The Indian wedding that exploded in violence

Just up on Salon.com, my new essay. If anyone is wondering, this is not a story — the account is purely factual. Check it out here.

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It was the first days of the new year, and thrumming through the soles of my feet was that distinctive, hard-driving rhythm—the dhol drum singing out its bhangra beat. The dance floor was small, swallowed whole in a corner of the underground ballroom, but we were all crowded onto it, celebrating the closing night of the wedding. The speakers strained and gaudy lights painted our bodies in splashes of color and soon, after leaving the dance floor, I watched as a young Indian man newly arrived from a Midwestern city stammered across the ballroom toward a girl he claimed he loved with the simple plan of asking her to dance.

 He’d come here with friends, three young men looking to discover India, reconnect with their roots, learn something of the land their parents came from. In a minute, he’d be sprawled across the floor, his face streaming blood and I’d be racing toward his attacker, a relative of mine, who now hoisted a heavy steel chair high over his head and was about to bring it down with all his might and crush the foreigner’s skull.

“Stuck on a story for years…”

Screen Shot 2013-11-07 at 2.02.56 PMA lovely new interview up over at W3Sidecar. Check it out here.

I can be stuck on a story for years—actually many of the stories included here were written in part, left unfinished, and then returned to years later to finish. Where that final push comes from I don’t know, except that time is mysterious, it allows connections to be made that otherwise wouldn’t have, and it allows a much deeper immersion into a character—someone I might have casually created without any clear goal in mind—to develop and emerge.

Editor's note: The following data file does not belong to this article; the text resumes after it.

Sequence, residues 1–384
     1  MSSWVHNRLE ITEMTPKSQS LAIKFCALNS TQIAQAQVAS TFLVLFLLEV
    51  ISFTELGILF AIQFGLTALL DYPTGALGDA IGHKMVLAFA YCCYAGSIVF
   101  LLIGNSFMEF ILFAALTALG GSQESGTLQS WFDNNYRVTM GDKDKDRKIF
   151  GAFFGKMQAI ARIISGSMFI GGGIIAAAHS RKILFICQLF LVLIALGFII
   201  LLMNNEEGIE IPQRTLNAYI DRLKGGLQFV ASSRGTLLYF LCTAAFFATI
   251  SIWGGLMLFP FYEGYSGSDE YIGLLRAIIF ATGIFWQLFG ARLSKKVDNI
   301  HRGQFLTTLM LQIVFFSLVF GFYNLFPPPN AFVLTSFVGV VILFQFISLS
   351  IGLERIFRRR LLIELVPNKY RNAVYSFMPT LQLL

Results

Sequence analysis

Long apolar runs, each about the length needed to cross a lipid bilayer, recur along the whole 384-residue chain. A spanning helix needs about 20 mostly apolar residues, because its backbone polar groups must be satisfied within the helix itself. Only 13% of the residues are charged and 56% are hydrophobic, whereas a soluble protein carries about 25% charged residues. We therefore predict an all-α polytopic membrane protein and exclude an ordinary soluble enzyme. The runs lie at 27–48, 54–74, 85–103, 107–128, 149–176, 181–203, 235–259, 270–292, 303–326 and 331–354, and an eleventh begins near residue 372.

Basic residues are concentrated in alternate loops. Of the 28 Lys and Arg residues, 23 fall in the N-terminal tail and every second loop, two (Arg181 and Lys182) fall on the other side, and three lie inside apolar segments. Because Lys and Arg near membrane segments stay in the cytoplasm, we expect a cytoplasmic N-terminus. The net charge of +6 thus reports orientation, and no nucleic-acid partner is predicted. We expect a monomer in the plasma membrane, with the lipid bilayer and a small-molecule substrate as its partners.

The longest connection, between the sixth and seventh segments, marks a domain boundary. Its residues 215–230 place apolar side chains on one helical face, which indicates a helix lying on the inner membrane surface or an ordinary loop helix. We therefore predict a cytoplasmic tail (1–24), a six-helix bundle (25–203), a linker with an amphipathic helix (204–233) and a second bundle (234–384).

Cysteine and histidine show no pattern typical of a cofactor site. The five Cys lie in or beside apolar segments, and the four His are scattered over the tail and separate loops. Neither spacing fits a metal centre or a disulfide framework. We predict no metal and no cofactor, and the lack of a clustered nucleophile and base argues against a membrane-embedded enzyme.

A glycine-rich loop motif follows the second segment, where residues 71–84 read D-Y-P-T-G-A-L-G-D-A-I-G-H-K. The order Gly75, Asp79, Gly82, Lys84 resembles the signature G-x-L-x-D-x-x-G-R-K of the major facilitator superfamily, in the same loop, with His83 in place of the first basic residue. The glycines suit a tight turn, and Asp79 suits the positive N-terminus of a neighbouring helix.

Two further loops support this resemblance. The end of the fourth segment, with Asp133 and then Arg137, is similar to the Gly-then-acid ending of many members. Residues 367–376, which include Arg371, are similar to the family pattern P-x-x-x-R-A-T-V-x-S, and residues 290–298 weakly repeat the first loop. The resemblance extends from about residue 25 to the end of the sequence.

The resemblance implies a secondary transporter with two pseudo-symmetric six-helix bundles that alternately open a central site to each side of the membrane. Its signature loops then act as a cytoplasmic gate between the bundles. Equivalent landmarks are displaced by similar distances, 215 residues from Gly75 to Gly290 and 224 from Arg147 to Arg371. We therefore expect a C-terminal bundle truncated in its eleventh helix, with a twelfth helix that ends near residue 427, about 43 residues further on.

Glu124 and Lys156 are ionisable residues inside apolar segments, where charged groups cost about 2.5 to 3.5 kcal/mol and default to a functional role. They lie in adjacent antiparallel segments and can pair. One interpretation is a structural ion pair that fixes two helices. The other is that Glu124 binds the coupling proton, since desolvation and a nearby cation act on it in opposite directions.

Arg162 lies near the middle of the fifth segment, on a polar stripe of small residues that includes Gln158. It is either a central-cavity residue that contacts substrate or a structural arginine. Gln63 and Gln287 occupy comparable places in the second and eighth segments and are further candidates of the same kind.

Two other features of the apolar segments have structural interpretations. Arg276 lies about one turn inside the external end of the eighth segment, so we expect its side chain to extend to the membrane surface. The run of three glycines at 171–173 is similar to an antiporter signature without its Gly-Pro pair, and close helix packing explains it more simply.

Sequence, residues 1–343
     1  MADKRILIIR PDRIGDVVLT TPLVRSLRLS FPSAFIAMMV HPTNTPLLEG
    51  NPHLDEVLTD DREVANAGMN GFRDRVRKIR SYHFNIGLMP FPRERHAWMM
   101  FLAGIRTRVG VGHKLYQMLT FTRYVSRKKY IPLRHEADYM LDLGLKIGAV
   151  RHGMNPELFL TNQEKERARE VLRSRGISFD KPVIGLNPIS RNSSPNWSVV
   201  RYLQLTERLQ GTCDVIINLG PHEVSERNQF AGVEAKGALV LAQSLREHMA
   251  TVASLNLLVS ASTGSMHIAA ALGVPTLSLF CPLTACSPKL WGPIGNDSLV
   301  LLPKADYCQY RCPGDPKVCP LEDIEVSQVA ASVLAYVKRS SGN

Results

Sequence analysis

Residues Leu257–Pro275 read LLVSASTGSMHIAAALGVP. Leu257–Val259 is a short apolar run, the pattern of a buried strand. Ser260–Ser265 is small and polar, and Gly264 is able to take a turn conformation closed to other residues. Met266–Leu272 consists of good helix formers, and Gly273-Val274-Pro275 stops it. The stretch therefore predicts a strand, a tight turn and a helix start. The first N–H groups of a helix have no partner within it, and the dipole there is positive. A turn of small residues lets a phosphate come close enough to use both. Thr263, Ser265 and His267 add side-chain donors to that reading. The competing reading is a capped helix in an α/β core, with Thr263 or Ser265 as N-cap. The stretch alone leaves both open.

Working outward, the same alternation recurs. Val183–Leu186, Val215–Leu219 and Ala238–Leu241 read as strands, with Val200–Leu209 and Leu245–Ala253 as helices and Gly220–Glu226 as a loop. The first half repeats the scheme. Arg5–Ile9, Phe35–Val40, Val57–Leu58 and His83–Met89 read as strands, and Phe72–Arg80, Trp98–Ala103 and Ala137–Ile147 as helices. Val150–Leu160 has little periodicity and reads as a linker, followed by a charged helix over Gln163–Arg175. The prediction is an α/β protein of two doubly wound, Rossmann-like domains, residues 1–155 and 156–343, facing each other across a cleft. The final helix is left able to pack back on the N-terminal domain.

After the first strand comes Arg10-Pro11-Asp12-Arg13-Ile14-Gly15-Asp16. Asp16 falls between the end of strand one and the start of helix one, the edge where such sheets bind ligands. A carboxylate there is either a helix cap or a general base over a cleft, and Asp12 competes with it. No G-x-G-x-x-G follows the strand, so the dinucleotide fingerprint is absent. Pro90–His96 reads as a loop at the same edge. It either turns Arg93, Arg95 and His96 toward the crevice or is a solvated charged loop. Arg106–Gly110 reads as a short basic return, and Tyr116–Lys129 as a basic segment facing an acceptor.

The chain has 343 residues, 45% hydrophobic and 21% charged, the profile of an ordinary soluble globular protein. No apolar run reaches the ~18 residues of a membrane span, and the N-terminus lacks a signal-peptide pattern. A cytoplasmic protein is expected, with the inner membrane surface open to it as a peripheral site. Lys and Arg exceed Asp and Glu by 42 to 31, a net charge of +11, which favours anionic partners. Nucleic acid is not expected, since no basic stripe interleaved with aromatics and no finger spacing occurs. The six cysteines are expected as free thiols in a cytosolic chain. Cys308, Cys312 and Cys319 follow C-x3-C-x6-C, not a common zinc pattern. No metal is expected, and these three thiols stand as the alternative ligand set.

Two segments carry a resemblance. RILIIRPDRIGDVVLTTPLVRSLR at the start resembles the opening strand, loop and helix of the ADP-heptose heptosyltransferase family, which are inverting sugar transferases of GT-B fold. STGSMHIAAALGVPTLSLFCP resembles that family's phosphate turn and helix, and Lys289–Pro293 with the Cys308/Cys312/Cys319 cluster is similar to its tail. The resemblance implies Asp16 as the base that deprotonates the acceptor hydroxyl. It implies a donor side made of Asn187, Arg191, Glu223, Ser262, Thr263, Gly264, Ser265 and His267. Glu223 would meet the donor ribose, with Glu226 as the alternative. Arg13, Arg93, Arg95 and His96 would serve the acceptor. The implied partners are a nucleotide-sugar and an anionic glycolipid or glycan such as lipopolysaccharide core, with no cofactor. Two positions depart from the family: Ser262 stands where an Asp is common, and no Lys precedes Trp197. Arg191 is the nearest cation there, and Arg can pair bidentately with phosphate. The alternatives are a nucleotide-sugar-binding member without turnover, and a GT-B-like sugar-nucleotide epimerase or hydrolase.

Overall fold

Writing in bed, and other revelations

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Over at her Intermittent Visitors site, the marvelous poet and blogger Joanne Merriam has a brief interview with me up. What will you learn? That I’m a messy writer who hates getting out of bed, thinks you should ignore all writing advice, and oh yeah, still an Alasdair Gray fanboy after all these years. Take a look here. And check out her small publishing house, Upper Boot Books, here.

What is your writing process?

Messy and undisciplined, with no clear schedules. I write in bed when I can, and I often try and get away and write while traveling, where I can keep the laptop next to my head, wake, sit up with some pillows behind my back and pull the computer onto my lap and get immediately to work, often still half-asleep and remembering dreams.


Broadening the landscape

Over at The Story Prize blog, I have a guest post up. Check it out here.

In presenting deeply conflicted characters, and sometimes unpleasant characters, I guess, in hindsight, I was looking for ways to broaden the emotional landscape of much of so-called contemporary Indian American fiction—though perhaps more accurately I was reacting to what felt like a strangled emotional territory. And also to make, in my own small way, a larger claim on the universality of experience, and that it doesn’t have to born out of exhausted tropes— the newly arrived immigrant, the clash of cultures, the relatively narrow emotional bandwidth of adapting to American middle class life.


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The Ghosts of Omonia Square

This just up at The Margins, with photos, one last dispatch from Athens, this time with hookers, junkies, immigrants, and cops.

At night, the junkies take over the square. They are almost vaporously thin, like the dead even before they shoot up. They have ruined most of their veins and bend forward to stick the needle in the backs of their knees or other parts of their legs. The happy ones are curled up fetally, oblivious to everything. A tall South Asian man with a tense, fierce face asks me several nights in a row if I want anything. “Hash? Junk? Anything?”

Read the whole story here.


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